Between 2010 and 2014, anti-austerity social mobilization through participation to social movements (such as “The Indignants”) was widespread in Greece and Syriza sought to assume responsibility for their political representation. The party tried to be recognized as the political link between these movements and the government, since it believed it could make anti-austerity social mobilization politically effective. This initiative became one of the most important parts of Syriza’s strategy towards its 2015 electoral victory.
Pursuing this strategy, Syriza adopted a populist discourse. Whilst the narrative of “people versus establishment” became central , appeals to other political and social subjects (classes etc.) eclipsed. Along with this discursive choice, the promotion of Alexis Tsipras’ charismatic personality became crucial for the party’s endeavours to construct the image of a credible political power with strong and determined leadership. Syriza was anxious to show that, in contrast to other protest parties of the left, it was both capable and willing to come to power.
A future for Syriza?
Since the outburst of the debt crisis, Greece’s political system has been marked by successive bouts of instability. Giorgos Papandreou’s (PASOK) government, which had formally requested the international bailout for Greece in April 2010, resigned in 2011, to be replaced by a coalition government (PASOK, New Democracy, and LAOS) led by the former banker and European Central Bank vice president Loukas Papademos. During his term of office the second bailout was finalized (February 2012) and then elections were called for May and then, again, June as no government could be formed after the first elections.
The earthquake elections of 2012 radically altered the party system in Greece. The dominant characteristics of the debate before the elections were: a profound dissatisfaction with corruption and political elites that hitherto ran the country, and controversy over the bailout. In the wake of the election of January 2015 the social democratic PASOK had lost close to 90% of its 2009 voters in absolute numbers. It was Syriza – a political space that PASOK voters felt more comfortable with despite its radical rhetoric – that capitalised most from this collapse.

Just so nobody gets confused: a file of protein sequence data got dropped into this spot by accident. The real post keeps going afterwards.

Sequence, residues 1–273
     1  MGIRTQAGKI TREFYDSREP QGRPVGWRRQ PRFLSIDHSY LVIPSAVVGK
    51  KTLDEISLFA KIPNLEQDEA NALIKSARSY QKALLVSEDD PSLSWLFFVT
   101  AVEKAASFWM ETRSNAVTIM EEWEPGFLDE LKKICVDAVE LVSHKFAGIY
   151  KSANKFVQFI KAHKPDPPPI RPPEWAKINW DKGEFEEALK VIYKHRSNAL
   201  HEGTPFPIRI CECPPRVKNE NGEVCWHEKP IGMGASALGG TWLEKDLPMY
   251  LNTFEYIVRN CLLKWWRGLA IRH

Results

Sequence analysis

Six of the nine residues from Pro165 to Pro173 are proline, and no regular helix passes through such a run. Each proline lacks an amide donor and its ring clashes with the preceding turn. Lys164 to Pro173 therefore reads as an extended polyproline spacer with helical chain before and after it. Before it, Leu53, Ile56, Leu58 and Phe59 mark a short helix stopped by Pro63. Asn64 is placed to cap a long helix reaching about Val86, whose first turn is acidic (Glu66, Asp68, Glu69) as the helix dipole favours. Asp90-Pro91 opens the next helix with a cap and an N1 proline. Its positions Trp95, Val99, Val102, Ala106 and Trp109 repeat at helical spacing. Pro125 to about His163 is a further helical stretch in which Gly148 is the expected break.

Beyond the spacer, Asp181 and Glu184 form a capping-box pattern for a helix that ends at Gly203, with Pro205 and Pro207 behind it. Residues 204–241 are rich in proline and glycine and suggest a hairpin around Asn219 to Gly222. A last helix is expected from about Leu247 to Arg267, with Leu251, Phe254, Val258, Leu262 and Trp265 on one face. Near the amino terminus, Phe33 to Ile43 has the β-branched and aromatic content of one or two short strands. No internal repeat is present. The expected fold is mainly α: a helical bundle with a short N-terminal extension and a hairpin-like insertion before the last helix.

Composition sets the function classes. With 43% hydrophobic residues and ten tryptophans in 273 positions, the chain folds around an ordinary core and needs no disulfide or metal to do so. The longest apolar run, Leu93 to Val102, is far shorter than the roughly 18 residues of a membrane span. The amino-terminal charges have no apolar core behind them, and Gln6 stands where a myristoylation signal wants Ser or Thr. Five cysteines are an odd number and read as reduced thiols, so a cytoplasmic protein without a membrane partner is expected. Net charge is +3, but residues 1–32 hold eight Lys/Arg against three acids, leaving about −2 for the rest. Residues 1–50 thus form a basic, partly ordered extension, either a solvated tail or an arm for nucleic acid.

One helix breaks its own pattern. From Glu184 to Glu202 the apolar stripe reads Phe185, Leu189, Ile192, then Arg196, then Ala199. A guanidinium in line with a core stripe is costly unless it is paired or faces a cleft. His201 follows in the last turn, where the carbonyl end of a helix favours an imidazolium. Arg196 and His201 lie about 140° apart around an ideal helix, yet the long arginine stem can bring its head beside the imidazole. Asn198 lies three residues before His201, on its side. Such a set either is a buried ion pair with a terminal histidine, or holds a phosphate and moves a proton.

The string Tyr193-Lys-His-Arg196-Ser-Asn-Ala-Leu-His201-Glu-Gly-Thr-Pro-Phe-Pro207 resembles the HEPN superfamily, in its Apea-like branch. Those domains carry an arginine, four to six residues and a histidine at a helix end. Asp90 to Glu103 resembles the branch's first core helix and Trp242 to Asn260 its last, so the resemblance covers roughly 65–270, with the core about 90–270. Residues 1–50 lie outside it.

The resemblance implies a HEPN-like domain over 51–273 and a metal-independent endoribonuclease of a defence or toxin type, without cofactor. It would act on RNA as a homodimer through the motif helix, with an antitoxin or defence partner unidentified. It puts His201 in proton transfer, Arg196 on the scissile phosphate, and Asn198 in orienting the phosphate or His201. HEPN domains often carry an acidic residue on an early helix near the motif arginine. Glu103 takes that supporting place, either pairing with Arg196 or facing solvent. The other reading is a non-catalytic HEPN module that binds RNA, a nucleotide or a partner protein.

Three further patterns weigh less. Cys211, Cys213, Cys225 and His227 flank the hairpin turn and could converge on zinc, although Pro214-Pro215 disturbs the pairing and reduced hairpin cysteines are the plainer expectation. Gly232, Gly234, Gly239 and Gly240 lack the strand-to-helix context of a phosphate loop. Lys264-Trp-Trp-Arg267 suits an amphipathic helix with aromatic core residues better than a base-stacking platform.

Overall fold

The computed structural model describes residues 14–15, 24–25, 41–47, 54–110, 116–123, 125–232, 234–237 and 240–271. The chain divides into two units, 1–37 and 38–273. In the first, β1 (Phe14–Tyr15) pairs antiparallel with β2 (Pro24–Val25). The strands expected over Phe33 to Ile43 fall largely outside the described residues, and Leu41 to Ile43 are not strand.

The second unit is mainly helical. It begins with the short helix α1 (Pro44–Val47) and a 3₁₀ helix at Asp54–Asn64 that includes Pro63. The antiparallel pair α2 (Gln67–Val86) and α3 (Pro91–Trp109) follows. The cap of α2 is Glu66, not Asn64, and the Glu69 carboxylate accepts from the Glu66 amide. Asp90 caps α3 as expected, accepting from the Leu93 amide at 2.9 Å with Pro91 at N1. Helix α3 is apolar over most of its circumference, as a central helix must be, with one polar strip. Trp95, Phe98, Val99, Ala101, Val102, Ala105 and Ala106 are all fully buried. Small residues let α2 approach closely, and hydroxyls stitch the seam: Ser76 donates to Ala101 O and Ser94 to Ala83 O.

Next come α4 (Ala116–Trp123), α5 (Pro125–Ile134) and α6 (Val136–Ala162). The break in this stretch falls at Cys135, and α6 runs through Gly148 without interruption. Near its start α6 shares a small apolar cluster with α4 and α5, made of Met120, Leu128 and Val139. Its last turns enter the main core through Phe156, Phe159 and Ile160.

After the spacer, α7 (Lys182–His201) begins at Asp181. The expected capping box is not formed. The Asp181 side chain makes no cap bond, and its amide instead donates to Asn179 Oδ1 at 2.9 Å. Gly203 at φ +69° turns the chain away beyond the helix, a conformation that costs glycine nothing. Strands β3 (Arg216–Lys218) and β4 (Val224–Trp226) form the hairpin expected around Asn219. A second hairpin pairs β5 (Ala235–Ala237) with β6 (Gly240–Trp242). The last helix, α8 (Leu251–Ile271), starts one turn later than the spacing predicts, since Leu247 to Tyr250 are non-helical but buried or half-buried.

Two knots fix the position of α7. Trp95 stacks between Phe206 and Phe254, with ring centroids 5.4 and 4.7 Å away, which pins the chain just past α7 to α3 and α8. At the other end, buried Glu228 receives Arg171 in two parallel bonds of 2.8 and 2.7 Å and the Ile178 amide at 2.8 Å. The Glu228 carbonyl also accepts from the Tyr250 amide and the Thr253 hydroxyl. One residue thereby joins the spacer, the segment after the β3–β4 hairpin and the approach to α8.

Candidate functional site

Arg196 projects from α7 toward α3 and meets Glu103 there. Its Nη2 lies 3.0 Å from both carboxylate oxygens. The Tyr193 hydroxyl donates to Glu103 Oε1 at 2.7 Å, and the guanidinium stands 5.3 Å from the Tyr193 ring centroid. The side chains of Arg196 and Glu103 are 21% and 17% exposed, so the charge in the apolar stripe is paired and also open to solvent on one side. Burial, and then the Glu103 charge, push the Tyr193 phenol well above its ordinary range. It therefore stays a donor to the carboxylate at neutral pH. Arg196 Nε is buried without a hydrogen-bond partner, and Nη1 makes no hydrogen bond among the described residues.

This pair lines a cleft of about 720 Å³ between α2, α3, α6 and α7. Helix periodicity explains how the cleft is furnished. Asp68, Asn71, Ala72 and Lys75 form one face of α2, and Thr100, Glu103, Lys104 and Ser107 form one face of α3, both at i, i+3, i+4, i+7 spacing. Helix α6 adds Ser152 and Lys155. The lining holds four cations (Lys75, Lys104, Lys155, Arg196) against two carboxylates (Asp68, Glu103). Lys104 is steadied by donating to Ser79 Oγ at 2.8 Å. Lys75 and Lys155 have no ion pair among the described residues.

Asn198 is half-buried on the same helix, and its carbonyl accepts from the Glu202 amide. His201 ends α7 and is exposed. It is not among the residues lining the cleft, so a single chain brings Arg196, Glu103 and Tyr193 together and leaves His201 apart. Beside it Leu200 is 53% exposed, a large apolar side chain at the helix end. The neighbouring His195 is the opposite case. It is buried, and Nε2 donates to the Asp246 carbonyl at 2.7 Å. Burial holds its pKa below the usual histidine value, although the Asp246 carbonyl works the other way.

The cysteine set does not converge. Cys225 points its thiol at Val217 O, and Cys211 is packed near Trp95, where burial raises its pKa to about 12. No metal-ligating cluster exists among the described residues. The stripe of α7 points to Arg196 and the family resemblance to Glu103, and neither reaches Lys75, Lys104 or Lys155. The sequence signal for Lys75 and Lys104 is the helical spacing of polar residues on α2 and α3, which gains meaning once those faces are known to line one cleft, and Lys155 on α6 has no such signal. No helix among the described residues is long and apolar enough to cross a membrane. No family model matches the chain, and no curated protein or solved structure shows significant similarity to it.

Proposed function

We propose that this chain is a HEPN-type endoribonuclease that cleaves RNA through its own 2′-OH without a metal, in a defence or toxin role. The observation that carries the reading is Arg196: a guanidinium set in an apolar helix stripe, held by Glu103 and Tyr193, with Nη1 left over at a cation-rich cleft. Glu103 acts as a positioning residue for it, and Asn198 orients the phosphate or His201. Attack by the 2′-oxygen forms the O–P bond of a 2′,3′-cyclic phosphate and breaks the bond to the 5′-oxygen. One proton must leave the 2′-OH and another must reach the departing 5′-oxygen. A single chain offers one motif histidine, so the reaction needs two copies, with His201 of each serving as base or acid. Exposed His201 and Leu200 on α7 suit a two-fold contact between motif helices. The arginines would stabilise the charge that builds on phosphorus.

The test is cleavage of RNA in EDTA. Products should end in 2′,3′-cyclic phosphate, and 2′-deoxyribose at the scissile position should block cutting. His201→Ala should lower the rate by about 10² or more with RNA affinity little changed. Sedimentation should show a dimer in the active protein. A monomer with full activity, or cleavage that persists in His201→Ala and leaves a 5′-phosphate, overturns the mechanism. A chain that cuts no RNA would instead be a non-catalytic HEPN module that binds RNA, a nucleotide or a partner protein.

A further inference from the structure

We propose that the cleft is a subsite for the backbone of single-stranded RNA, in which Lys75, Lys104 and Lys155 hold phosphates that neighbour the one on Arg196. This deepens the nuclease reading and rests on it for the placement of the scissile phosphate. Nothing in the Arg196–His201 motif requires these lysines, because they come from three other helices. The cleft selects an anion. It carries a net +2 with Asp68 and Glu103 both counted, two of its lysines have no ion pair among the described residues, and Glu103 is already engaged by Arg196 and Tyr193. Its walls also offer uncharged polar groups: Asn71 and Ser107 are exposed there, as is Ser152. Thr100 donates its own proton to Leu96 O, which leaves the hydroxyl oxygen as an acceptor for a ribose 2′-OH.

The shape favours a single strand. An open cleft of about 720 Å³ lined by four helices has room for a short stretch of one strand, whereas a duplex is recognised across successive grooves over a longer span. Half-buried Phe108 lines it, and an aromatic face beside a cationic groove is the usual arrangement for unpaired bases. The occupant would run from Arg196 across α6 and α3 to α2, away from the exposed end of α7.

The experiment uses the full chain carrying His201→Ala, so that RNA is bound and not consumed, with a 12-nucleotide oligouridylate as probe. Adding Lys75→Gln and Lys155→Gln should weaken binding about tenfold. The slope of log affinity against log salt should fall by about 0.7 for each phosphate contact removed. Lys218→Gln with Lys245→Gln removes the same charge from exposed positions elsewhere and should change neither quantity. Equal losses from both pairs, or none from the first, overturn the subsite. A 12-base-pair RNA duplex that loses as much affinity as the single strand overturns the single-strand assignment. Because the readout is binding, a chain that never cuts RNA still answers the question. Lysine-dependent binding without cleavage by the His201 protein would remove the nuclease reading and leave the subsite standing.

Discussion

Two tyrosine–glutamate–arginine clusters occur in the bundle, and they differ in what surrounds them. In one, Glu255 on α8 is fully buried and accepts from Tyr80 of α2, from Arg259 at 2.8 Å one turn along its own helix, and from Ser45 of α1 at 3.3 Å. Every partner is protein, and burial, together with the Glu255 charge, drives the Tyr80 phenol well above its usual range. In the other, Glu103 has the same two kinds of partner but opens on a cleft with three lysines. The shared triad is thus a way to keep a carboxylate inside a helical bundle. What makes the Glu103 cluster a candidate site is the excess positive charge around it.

Syriza, as suggested by some commentators already after the European Parliament elections of 2014 , seems to have successfully established itself as the dominant centre-left party. Its success in maintaining that position, however, is far from assured. Having failed in its negotiations with Greece’s creditors, Syriza’s main goal should now be no less than the dismantling of clientelism and corruption that constitute the dual chronic malaise of the Greek political system. It faces after all, a demonstrably less forgiving electorate which in September 2015, and amidst an unprecedented abstention rate of 44%, only returned Syriza to government as “the lesser of many evils”.
About the authors
Dr. Konstantinos Kostagiannis is a lecturer in International Relations at Maastricht University. Ioannis Vlastaris has worked as a researcher at Institute of International Relations of Panteion University and presently pursues a degree in Political Science and History in Athens.
 The difference between a party and an electoral alliance is not negligible. According to the current electoral law (3626/08) the party that comes first in a national election is entitled to a bonus of 50 (out of 300) seats. In the case of an electoral alliance between several parties (like Syriza until 2013), however, the percentage they achieved has to be divided by the number of parties comprising that alliance. This makes it extremely unlikely that an electoral alliance would receive the bonus even if it came first in the elections. More discussion on this here (in Greek).
 According to Tsakatika and Eleftheriou, SYN accounted for “at least 80 per cent of its [Syriza’s] cadres, activists and voters”. Tsakatika, Myrto, and Costas Eleftheriou. “The Radical Left’s turn towards civil society in Greece: one strategy, two paths.” South European Society and Politics 18.1 (2013): 81-99.
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 This was not the first attempt. Eurocommunist KKEint (the predecessor to EAR) and the traditionalist KKEext also participated jointly in the first elections after the fall of the dictatorship in 1974. For a general discussion of the first steps of Greek Eurocommunism before the establishment of SYN see: Kapetanyannis, Basil. “The Making of Greek Eurocommunism.” The Political Quarterly 50.4 (1979): 445-460; also: Μπαλαμπανίδης, Γιάννης. Ευρωκομμουνισμός : Από την κομμουνιστική στη ριζοσπαστική ευρωπαϊκή Αριστερά. Πόλις (2015). Balabanidis, Giannis. Eurocommunism: From communist to radical European left. (In Greek).